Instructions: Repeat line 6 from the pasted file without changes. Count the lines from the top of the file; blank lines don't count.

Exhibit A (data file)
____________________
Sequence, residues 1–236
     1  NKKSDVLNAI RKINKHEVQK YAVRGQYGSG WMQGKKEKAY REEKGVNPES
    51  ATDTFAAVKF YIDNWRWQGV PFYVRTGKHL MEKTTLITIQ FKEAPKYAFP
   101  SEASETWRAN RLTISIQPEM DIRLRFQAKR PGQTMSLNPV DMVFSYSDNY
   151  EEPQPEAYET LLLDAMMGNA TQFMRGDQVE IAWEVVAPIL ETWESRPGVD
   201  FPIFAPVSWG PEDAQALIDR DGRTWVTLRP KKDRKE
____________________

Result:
   201  FPIFAPVSWG PEDAQALIDR DGRTWVTLRP KKDRKE